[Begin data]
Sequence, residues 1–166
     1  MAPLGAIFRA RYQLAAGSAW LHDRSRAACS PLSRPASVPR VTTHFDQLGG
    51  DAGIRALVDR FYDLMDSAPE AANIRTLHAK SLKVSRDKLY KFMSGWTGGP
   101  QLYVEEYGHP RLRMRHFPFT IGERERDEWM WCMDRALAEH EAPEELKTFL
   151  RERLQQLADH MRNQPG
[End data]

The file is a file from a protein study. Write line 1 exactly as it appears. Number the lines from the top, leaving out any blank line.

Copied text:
Sequence, residues 1–166